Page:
Wake County, NC — Thoughts for August 2015 from Bill Fletcher, Member Wake County Board of Education.
Back to School
On August 24, 2015, the balance of our estimated 158,175 students will arrive at our 171 schools to take their next step toward becoming a successful Wake County graduate!
School-based leadership teams are “Charting the Course” for academic excellence. Among the near term challenges: reshape teaching and learning to ensure students develop creativity and skills for collaboration, oral and written communication and solving problems.
New Bus Safety Procedures
New bus boarding procedures require students to remain in a safe location until the bus driver deploys the stop arm, surveys nearby traffic for safety and then motions for riders to climb aboard. Buses will also be equipped with cameras on stop arms to identify drivers and cars that ignore bus safety laws. And, more school buses will have internal cameras to help maintain discipline during the ride.
Three New Schools Opening!
In the south of Apex are Scotts Ridge Elementary and Apex Friendship High. In North Raleigh is Abbots Creek Elementary. The two elementary schools are being paid for out of the community-approved building package called CIP 2013. The high school was paid for with savings from previous building programs. Even though 11 more schools are scheduled for construction, community leaders are urging a more aggressive construction program.
Still NO STATE BUDGET
If the ruling party wants to operate the state like a business, providing a budget in a timely manner would be a great start. By the end of August, more than 159,000 students will attend our public schools and will be riding buses and engaging in learning and growing.
With 65% of school funding held up on Jones Street, the District adopted an interim budget. Instructional initiatives planned for returning students have been postponed for lack of funding. While uncertainty looms at the state, the cost of operating our schools keeps marching on.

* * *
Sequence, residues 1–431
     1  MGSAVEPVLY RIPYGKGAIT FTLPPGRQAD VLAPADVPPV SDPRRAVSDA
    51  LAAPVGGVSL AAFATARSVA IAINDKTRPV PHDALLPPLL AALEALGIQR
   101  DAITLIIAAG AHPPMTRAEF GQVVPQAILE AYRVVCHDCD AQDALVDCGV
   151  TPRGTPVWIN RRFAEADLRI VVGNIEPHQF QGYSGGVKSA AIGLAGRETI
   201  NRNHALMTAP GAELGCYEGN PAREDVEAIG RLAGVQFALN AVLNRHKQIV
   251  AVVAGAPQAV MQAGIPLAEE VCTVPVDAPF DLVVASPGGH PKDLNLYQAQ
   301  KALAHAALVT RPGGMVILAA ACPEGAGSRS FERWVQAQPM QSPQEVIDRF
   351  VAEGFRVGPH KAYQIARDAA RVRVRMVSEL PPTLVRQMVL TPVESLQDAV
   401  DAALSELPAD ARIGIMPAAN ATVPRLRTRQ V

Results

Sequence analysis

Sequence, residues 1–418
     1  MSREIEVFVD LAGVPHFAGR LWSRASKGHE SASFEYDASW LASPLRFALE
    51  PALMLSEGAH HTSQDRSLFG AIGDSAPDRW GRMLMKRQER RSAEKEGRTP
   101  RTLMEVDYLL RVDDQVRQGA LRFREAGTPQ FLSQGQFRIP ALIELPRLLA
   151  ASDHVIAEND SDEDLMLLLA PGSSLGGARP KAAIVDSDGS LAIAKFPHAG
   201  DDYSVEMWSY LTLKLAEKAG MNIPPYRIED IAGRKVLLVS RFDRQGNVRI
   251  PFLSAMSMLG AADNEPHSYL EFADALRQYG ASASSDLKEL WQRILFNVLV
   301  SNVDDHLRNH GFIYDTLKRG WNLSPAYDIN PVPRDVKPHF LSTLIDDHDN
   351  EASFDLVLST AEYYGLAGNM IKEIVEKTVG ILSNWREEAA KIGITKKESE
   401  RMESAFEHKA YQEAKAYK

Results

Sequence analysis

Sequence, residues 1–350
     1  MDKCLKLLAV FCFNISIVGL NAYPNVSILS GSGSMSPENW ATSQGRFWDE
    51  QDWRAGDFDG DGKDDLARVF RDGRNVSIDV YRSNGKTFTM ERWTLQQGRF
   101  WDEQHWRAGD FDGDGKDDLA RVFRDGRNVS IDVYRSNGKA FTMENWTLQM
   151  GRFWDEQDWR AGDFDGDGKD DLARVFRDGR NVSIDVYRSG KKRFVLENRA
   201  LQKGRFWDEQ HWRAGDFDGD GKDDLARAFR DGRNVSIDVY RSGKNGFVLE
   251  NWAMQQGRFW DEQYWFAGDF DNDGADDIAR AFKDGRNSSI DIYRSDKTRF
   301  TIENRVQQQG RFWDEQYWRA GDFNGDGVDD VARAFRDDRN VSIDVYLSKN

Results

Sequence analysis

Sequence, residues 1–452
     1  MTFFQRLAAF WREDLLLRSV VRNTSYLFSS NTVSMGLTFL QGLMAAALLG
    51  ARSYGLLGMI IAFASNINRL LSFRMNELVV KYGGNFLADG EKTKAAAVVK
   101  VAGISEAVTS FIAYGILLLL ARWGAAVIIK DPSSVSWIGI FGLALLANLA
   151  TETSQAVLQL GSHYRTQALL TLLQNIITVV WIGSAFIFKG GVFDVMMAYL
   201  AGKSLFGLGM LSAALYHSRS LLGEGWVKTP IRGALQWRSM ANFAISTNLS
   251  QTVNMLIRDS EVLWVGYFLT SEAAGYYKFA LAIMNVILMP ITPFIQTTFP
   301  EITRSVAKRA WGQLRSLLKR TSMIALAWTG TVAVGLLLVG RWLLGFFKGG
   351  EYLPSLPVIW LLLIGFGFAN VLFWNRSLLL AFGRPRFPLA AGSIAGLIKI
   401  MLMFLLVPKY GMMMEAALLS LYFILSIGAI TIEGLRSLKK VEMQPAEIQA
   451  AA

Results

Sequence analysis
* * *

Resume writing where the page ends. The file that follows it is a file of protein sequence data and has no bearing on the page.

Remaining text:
“It’s a heck of a way to run a railroad!”
Support Staff Deserve a State Raise
Imagine being a bus driver making $14/hour for 30 hours a week for 36 weeks a year. That’s a gross pre-tax compensation of $15,120. The NC House-approved budget provides a 2% increase for an additional $8.40 per week! Surely, the Senate can see the wisdom in this modest and necessary budget item. The Wake County local appropriation includes an additional 3%.
The student-teacher ratio is not the same as average class size.
Districts calculate student-teacher ratios by dividing student count by teacher count – including specialists and other certified staff in the building. So, a 17:1 student-teacher ratio does not necessarily mean only 17 students in the average class.
The NC Senate is using fuzzy math to claim that 145 more teachers in Wake would reduce class size in kindergarten and first grade to 15. Tain’t so!
Wake employees 2,603 Teaching Assistants.
Some assist in special education classes where they help a teacher serve between six and 15 students whose conditions require a self-contained environment.
Most of the others support kindergarten and first grade teachers who average 21 children. I call them teaching assistants because that is what they do…assist instruction and provide a second set of knowledgeable hands in the classroom. By the way, many teaching assistants go on to become excellent certified teachers.
Parent chats are held on the first Thursdays and on the third Mondays of each month. They are not held on holidays.
- 1st Thursdays: 1 pm, Cary Chamber, 315 N Academy Street
- 3rd Mondays: 11 am, Caribou Coffee shop, 109 SW Maynard
Get in Touch
BFletcher@wcpss.net || Voice Mail: 919-431-7332 || Mobile: 919-880-5301
Story by Bill Fletcher, Member Wake County Board of Education. Photo by Jessica Patrick.